Carroll Report Maryland Muckraker

Muckraker: ‘Compromise’: Commissioners decide on commercial height limit after storage facility lawsuit, pushback

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A home in Eldersburg that would have been near a proposed 50 foot tall storage facility, the developers of the facility withdrew their plans after residents filed a lawsuit

On Thursday, the Board of Carroll County Commissioners voted unanimously to lower the starting height limit for commercial buildings that adjoin residential properties, going from 50 feet down to 35 feet.

But they simultaneously implemented a sliding scale, permitting developers to build back up to 50 feet on the condition they add in additional setback over the required minimum of 15 feet, where every foot of extra setback unlocks another foot of height, not to exceed 50 feet.

Commissioner Mike Guerin motioned to remove the sliding scale, making 35 feet a hard cap, but the remaining four Commissioners voted against his motion.

Explaining why he was against Guerin’s motion, Commissioner Ed Rothstein said “we don’t have the revenue,” as he observed that 225 of the 1,106 commercially zoned properties in Carroll are adjacent to residential districts, and would be affected by the decision, the hard 35 foot cap making those properties less valuable. “We have to grow where appropriate,” he concluded.

Graphic demonstrating where commercial properties are adjacent to residential districts in Carroll County

Also in favor of keeping the sliding scale was Commissioner Ken Kiler, who felt it was a “realistic compromise.”

“It’s a balancing act” said Commissioner Tom Gordon. “It’s significant for both property rights as well as concerns of the neighbors.”

Lowering commercial height limits adjacent to residential properties became a visible issue in Carroll last year, when a 50 foot tall storage facility was set to be built at Carroll Highlands, an Eldersburg subdivision with a neighborhood characterized mostly by ranchers and split-levels built in the 1950s and 1960s, that the storage facility would have towered over.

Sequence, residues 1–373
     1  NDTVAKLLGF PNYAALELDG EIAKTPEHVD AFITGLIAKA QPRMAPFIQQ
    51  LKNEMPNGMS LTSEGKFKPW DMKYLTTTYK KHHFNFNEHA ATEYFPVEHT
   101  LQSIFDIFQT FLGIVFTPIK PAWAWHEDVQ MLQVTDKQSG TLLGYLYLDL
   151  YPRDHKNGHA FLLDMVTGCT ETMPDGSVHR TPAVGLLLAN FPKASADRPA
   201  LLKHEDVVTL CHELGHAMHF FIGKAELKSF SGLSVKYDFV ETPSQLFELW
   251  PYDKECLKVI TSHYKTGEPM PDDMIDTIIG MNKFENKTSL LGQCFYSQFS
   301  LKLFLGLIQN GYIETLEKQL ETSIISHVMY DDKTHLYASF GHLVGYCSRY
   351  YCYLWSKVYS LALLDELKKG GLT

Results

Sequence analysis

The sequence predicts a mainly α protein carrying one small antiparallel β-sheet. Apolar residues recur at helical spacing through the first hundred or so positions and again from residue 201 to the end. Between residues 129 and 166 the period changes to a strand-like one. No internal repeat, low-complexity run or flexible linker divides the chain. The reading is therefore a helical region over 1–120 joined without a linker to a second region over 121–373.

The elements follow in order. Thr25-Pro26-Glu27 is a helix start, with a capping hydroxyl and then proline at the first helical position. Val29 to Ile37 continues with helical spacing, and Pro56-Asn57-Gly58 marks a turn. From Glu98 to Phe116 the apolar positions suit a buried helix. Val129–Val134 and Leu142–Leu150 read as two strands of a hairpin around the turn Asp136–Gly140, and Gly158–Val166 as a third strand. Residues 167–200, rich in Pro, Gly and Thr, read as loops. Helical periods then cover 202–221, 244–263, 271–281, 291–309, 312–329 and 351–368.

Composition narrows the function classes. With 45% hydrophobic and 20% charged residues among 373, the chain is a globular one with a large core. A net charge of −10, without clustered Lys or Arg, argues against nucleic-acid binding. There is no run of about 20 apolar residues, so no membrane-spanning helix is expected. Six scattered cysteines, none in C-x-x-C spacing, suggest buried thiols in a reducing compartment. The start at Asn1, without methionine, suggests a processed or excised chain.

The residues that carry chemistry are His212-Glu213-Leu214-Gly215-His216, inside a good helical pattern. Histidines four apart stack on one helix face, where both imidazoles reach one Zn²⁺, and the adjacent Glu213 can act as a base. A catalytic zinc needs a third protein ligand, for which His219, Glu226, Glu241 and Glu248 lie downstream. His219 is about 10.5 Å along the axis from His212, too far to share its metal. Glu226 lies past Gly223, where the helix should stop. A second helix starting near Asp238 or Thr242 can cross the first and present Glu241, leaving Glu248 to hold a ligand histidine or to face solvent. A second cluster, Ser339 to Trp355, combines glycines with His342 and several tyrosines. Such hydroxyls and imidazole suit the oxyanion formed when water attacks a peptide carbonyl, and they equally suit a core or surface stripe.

After a town hall over the issue was attended by 200+ people, and a petition was signed by more than 2,000, one couple from the neighborhood, Joe and Nancy Lynch, eventually brought suit against the property’s owners, Pirone Investments LLC and Toth Investments LLC, and its would be developers, Broad Reach Retail Partners and PSC Liberty Road, who were collectively represented by Clark Shaffer and Matthew Hurff of Westminster’s Shaffer and Shaffer LLP.

Nancy and Joe Lynch speaking about the Carroll Highlands Storage Facility during a town hall that was attended by 200+ residents

The Lynch’s, represented by Towson attorney G. Macy Nelson, argued that a residential use only deed restriction dating back to 1955 was still in place on one of the property’s parcels, limiting the developers ability to build commercially there unless the residents of Carroll Highlands agreed to release the restriction, which they hadn’t.

(When a 7-11 gas station project was separately proposed in the same subdivision under the same deed restriction in 2019, Nick Pirone with Robyn Properties offered to write $1,000 checks to the first eight residents who agreed to release it.)

Nick Pirone’s 2019 letter to Carroll Highlands residents offering to write $1,000 checks to the first eight residents willing to release a residential use only deed restriction

Amidst the lawsuit and the public’s resistance, the storage facility’s developers eventually withdrew their plan, but residents continued to lobby for policies that would prevent another developer from coming in and trying the same thing.

Those polices included, as mentioned, reducing commercial building height limits, but perhaps more importantly, restricting the building of future multi-level storage facilities to properties zoned for industrial use only, instead of commercial which often borders on residential districts.

When District 4 Commissioner Mike Guerin learned that the county council in Prince George’s approved a bill doing just that, restricting future storage facilities to industrial properties, he raised the issue with his Commissioner counterparts.

After a months long review process, Carroll’s Planning and Zoning Commission returned with a proposal for the Commissioners on Thursday, including the sliding scale, and a policy of grandfathering in existing buildings, properties where a concept plan has already been submitted, or properties where the Board of Zoning Appeals has already granted conditional use.

Noticeably absent from Thursday’s conversation was the issue of restricting future storage facilities to industrially zoned properties only, though the Commissioners did acknowledge they could take that up separately in the future. Whether or not they will remains to be seen.

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